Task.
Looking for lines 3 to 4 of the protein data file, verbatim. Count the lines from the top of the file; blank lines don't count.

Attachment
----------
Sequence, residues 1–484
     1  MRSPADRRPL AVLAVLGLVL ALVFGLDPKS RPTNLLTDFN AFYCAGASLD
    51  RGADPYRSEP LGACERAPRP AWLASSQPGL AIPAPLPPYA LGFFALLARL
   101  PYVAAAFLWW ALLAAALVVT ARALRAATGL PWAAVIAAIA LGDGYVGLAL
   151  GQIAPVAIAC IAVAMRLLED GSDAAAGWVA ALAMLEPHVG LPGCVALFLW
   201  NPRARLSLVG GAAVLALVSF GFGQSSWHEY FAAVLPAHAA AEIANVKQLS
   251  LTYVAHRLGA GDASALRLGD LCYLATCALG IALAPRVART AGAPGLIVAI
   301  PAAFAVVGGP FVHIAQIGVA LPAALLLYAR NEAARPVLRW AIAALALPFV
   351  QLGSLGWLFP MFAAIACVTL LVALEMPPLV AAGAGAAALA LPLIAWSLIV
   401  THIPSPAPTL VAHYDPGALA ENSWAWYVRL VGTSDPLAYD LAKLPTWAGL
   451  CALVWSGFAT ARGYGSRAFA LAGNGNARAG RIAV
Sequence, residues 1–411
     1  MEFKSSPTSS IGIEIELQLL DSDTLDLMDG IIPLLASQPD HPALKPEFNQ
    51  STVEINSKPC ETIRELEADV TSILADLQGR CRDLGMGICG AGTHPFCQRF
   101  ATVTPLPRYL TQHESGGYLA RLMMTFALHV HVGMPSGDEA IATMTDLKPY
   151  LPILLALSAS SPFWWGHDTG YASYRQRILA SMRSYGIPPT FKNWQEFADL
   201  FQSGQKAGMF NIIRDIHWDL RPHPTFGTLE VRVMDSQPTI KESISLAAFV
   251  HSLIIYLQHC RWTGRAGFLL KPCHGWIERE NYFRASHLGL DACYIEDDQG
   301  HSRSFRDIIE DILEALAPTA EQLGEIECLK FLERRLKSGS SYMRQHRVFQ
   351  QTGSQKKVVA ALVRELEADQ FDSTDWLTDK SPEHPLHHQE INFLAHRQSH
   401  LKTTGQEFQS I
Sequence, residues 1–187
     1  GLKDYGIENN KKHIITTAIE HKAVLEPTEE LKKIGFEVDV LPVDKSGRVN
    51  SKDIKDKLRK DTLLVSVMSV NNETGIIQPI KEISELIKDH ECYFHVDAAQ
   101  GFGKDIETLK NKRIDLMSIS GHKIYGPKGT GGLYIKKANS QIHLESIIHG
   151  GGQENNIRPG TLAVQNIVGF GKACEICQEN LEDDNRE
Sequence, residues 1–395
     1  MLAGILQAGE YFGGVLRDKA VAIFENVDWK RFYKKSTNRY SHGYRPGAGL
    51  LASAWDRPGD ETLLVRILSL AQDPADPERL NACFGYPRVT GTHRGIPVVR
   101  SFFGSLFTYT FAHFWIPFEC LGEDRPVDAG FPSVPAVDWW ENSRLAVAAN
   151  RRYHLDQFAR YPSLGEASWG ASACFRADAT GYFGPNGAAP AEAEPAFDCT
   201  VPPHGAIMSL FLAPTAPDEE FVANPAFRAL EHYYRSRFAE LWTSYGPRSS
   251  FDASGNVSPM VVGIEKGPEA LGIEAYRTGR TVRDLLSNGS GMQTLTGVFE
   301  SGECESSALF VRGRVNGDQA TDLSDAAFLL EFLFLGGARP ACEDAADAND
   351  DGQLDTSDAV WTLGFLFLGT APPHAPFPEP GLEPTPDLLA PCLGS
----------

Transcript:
    51  RGADPYRSEP LGACERAPRP AWLASSQPGL AIPAPLPPYA LGFFALLARL
   101  PYVAAAFLWW ALLAAALVVT ARALRAATGL PWAAVIAAIA LGDGYVGLAL